This is the R-Line Tattu 4S 1300mAh 95C LiPo battery. 4S refers to the number of cells in the battery. The standard for LiPo cells dictates that each cell has a nominal voltage of 3.8V, maximum of 4.2V, and absolute minimum of 3.0V (you really shouldn't discharge below 3.4V). 1300mAh is the amount of charge that it can hold, and 95C refers to discharge rate. Take the the 1300mAh from the capacity, chop off the 'h' to get 1300mA, and multiply by the C rating to get 1.3A * 95 = 123.5A.

Do your research on LiPo batteries! Make sure you know how to charge and take care of them; if you don't, they WILL catch fire and explode!

7. Flight Computer

Since I'm not using a radio receiver and remote control, I'll be using a Raspberry Pi 3B to send commands to the FC. This is also useful for my future endeavors, such as flying autonomously. For now, it will serve as a link between my Android phone and the flight controller.

8. Miscellaneous

There are some other parts and hardware that I used. They aren't particularly noteworthy and are self-explanatory, so I'll just list them here.

Tools

I also had to obtain certain tools in order to assemble the quadcopter. The specific tools I used are of less importance, so I'll just list them here.

Assembly

Physically assembling the drone was straightforward, albeit tedious.

  1. Put the arms and plate together to form the frame
  2. Install motors onto arms
  3. Solder the XT60 connector (and capacitor, if you have one) to the 4-in-1 ESC battery input.
  4. Loosely secure the FC stack to where is supposed to be; solder the motors to the ESC underneath the FC. Remember the directions of the props! Each motor has 3 wires, each of which can go to any of 3 pads on the ESC. Swap any 2 of 3 wires to reverse drive direction. This took me forever :(
  5. Securely install the FC stack to the frame
  6. Install the RPi to the frame
  7. Strap the battery to the bottom of the frame using VELCRO
  8. Add wiring; connect the splitter to the battery, one side to the USB power adapter and the other to the FC. Connect the USB power adapter to the RPi. Finally, connect the RPi to the FC using USB-MicroUSB.
  9. Install props on motors. Make sure nothing is obstructing your props.
Assembled drone (without wiring and battery)

Software

Now, we have to code our drone! Specifically, we need two pieces of software:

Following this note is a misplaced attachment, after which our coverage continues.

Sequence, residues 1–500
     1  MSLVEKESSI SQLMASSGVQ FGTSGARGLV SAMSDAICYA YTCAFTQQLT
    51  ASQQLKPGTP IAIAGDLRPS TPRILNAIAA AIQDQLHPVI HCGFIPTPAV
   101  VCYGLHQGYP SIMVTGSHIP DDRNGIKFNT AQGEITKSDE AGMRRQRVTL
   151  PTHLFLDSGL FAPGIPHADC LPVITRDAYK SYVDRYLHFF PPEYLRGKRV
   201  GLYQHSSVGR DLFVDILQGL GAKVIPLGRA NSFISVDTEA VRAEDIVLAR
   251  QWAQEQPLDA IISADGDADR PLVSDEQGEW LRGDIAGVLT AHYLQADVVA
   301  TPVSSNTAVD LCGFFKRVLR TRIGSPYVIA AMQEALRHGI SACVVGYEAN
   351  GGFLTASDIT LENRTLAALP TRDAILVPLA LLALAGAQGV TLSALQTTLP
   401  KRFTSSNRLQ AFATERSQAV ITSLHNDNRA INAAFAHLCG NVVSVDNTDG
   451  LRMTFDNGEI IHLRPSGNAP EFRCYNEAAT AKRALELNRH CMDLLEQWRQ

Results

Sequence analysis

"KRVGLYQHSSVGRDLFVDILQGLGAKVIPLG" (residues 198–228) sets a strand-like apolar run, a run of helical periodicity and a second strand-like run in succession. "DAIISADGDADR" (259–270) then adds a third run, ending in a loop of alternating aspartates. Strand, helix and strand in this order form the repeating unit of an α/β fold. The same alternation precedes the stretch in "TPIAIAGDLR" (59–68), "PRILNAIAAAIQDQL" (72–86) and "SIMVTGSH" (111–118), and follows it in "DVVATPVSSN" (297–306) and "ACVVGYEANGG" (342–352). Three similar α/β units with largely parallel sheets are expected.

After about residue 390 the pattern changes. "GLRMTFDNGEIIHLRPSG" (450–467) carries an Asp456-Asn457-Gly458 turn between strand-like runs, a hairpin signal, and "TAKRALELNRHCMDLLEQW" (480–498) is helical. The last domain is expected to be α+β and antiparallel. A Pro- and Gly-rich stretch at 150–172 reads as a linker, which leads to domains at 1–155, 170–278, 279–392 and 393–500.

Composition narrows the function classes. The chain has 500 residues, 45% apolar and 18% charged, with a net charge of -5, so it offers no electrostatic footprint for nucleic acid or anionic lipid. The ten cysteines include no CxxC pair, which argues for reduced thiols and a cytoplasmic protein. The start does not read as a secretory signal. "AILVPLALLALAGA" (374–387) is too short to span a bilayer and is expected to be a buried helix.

1. A Python script run on the Raspberry Pi to receive joystick positions from our Android phone over Bluetooth, process those commands, and send them to the FC over a serial connection (USB).
  2. An Android app with joystick inputs that connects to the Raspberry Pi.

The code (and CAD files) are public for your perusal in this GitHub repository.

Android Controller App

The Android app was heavily inspired by Blue Dot. I modified the source code to give me 2 joystick pads, with the left pad for throttle and rudder, and the right pad for elevator and aileron.

Dual d-pad remote control on Android app

Raspberry Pi Python Script

To receive joystick data via Bluetooth, I used the aforementioned Blue Dot library. The data received is in the form of coordinates on each d-pad, while the format I needed to send to the FC is an RC command over the Multiwii Serial Protocol (MSP).

There are libraries out there that abstract away the inner workings of MSP; I made some of my own changes to pymultiwii, an open source project. However, I needed to build the RC command myself. An RC command is composed of 8 short integers, each on a range of 1000-2000, representing aileron, elevator, throttle, rudder, aux1, aux2, aux3, aux4, respectively. You can see some of the processing code below:

# calculate roll, pitch, yaw and throttle from dpad positions
x, y = 0.0, -1.0
if leftStick and leftStick.is_pressed:
x, y = leftStick.position.x, leftStick.position.y
throttle = (y + 1.0) / 2.0
rudder = x

x, y = 0.0, 0.0
if rightStick and rightStick.is_pressed:
x, y = rightStick.position.x, rightStick.position.y
aileron = x
elevator = y

# roll, pitch, yaw, throttle, aux1, aux2, aux3, aux4, each from 1000 to 2000
buf = []
push16(buf, int(aileron * 500 + 1500))
push16(buf, int(elevator * 500 + 1500))
push16(buf, int(throttle * 1000 + 1000))
push16(buf, int(rudder * 500 + 1500))
push16(buf, 1500)
push16(buf, 1000)
push16(buf, 1000)
push16(buf, 1000)

Finally, to run the script on boot, head into /etc/profile and add the command to start the Python script:

...
python3 /home/pi/Documents/drone/raspberry-pi/remote-control.py

Conclusion

If you've been following along and building your own drone, you should have a flyable drone now! Please observe drone laws in your locality, and fly safely. I do plan on implementing autonomous functionality into my drone by way of the Raspberry Pi and more sensors (barometer and GPS), and I'll keep this blog posted on how it all goes! For now, have a video of me flying my drone :)